The Huffington Post on … Church Growth

by The Ecclesiologist

The Huffington Post’s religious section recently ran an article on church growth from Pastor Tim Suttle.  The article can be read here.

Pastor Suttle points out the role sentimentality and pragmatism play in many contemporary church growth models.  What’s wrong with sentimentality and pragmatism?  Suttle writes:

The fundamental problem with the one-two punch of sentimentality and pragmatism is, of course, the church’s job is not to affirm people’s lives, but to allow the gospel to continually call our lives into question. The church’s job is not to grow — not even to survive. The church’s job is to die — continually — on behalf of the world, believing that with every death there is a resurrection. God’s part is to grow whatever God wishes to grow. Growing a church isn’t hard … being faithful as the church, that’s a different story.

He concludes:

If I’ve learned anything as a pastor, it is this: faithfulness flies in the face of sentimentality and pragmatism, and if you pursue it you have to expect small numbers.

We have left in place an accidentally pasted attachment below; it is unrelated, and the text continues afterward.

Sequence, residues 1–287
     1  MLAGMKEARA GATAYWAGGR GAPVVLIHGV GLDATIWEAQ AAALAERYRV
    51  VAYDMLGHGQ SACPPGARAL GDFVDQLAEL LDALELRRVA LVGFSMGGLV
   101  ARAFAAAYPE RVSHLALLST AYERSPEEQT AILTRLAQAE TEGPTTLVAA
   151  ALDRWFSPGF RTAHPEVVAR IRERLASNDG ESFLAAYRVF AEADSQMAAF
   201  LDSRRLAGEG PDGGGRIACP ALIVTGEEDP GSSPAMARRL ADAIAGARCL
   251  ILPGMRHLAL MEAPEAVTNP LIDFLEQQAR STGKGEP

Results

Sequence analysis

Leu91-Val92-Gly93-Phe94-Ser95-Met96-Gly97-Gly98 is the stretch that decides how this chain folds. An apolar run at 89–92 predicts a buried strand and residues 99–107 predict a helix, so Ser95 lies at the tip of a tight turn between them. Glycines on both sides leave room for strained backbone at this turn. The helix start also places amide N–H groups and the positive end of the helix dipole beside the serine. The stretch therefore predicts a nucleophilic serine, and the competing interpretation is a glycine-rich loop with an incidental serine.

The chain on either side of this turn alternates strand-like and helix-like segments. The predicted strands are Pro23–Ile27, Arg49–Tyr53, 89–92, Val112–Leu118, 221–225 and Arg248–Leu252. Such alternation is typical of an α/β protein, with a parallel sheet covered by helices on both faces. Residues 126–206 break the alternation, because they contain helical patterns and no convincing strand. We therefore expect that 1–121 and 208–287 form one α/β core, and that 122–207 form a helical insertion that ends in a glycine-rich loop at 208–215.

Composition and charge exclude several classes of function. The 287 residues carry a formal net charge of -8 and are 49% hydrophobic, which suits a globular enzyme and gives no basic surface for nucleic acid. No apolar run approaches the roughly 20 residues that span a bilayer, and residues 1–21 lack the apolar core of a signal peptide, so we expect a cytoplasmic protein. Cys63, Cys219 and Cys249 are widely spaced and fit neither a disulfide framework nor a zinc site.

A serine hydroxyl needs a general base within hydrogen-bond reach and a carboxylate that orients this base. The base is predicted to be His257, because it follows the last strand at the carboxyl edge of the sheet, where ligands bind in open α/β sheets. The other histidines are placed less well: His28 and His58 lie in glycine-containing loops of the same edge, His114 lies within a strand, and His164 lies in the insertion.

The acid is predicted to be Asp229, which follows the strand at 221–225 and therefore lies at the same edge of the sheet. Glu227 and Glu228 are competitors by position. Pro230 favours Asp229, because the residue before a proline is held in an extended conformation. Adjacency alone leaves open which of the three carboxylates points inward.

While I am no defender of much of the church growth movement, I do think Suttle may be throwing the baby (going to the nations, baptizing them and making disciples of them) out with the bath water (contemporary church growth strategies).  I know many lazy, aloof pastors who love articles like this.  It excuses them from getting out of their studies and making disciples.  Small numbers are no more a touch stone of orthodoxy than large numbers.

Suttle is right, faithfulness is key, but faithfulness must put its hopes not only in suffering (cruciform leading) but also glory (following a resurrected Jesus).  His article is all “not yet” and not enough “already.” Though ministers will certainly face suffering, ministers must also hope that one day “The earth will be filled with the knowledge of the glory of the LORD as the waters cover the sea” (Hab. 2:14).

Being anti-Church growth movement can be just as dangerous as being obsessed with the movement.